Indeed, history continually reports dogged attempts at vineyard plantations, like that of the great botanist John Tradescant on the estate of Lord Salisbury in Hertfordshire in the 17th Century, or of Lord Bute at the Welsh Castle Coch 200 years later - yet we can only talk about a serious vineyard with an economic background from the 1950s on. Even today, the vine pioneer Ray Barrington Brock, who experimented with more than 600 different types of wine and table grapes at his research station in Oxted / Surrey for more than 25 years, his colleagues Edward Hyams and George Ordish, author of the book "Wine Growing in England", are still seen as the forefathers of modern British wine growing.
If the winegrowers of England long focussed on early ripening varieties such as Bacchus, Seyval Blanc, Huxelrebe, Ortega, Reichensteiner, Müller-Thurgau, Schönburger and various hybrids, there has long been a rethinking in planting policy since then: Half of all of the new vineyards today consist of Chardonnay, Pinot Meunier and Pinot Noir. Gone are the times when the English and Welsh wines are seen as rather poor imitations of the imports from Germany à la Liebfraumilch, with a significant amount of residual sugar, to cushion the high level of acids, and not exactly predestined to be an accompaniment to food. Pioneers, such as the premium sparkling wine producer Nyetimber in West Sussex, place importance on the grape blend of Champagne and orient themselves towards the great example on the other side of the channel when it comes to development and price. It has been noted with great satisfaction that recently, representatives of the most important Champagne houses have been discreetly sounding out opportunities for new wine growing areas in the South of England…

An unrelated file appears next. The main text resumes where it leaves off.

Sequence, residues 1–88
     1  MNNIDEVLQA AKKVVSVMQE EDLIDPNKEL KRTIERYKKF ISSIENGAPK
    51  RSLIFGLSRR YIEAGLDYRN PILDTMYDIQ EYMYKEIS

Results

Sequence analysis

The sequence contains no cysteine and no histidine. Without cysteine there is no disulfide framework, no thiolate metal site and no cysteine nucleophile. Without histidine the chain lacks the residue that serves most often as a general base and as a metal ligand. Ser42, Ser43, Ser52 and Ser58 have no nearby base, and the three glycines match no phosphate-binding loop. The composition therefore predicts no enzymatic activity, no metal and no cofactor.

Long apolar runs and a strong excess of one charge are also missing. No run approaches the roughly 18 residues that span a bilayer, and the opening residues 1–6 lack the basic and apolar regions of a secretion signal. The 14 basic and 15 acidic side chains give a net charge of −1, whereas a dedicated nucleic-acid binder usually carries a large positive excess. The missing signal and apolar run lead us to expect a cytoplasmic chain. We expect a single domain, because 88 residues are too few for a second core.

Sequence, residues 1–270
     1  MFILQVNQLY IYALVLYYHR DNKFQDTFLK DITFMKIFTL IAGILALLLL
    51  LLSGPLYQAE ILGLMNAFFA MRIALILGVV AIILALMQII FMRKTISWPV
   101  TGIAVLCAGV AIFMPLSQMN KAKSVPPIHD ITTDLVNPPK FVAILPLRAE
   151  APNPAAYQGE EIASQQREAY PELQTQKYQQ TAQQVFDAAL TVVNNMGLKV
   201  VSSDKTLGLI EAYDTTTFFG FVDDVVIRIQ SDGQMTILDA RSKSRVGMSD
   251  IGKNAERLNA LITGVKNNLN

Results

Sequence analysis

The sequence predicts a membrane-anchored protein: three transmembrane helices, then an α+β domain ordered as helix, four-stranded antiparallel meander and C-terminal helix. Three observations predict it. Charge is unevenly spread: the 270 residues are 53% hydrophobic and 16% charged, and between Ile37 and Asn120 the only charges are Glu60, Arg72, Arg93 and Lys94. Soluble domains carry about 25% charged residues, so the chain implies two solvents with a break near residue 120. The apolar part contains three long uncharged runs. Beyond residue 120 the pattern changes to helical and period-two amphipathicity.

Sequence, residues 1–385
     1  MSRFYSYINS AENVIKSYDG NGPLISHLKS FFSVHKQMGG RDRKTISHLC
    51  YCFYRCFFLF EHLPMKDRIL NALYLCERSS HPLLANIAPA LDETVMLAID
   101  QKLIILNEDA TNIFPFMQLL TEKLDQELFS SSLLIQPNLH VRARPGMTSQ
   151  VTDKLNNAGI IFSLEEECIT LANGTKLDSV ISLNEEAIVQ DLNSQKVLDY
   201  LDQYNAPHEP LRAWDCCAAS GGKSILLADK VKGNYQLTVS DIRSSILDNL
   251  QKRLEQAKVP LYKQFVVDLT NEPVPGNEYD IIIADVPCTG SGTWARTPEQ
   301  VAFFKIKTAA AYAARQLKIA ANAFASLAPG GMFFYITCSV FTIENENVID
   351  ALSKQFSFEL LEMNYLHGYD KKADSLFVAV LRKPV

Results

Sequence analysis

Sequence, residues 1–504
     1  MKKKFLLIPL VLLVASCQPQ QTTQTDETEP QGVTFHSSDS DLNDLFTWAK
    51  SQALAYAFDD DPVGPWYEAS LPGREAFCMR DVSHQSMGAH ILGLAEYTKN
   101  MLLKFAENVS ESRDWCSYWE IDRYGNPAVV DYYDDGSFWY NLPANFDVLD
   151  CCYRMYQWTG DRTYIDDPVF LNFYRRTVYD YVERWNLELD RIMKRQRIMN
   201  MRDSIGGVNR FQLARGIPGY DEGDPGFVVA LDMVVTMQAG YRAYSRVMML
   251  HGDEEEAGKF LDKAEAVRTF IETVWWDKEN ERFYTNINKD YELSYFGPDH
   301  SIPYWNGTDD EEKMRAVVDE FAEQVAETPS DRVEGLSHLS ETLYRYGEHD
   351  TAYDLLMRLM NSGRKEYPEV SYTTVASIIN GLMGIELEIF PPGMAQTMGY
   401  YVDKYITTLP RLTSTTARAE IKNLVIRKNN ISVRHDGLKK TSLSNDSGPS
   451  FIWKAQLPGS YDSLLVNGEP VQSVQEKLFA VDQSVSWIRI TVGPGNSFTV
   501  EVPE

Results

In fact, wine growing there has undergone a breathtaking development in the past 15 years: The sparkling wine production has multiplied fifteen fold from around 250,000 bottles to almost 4 million since the millennium. In addition, half the quantity of still wines, amongst which primarily the rosés, is constantly increasing in popularity. Although the demand for the local sparkling wines on the island exceeds the available quantity, the top producers are focussing more and more on export. Ridgeview, for example, already sells more than 20% of its sparkling wine outside of the country to Australia, Denmark, and Finland as well as Hong Kong, Switzerland and the USA.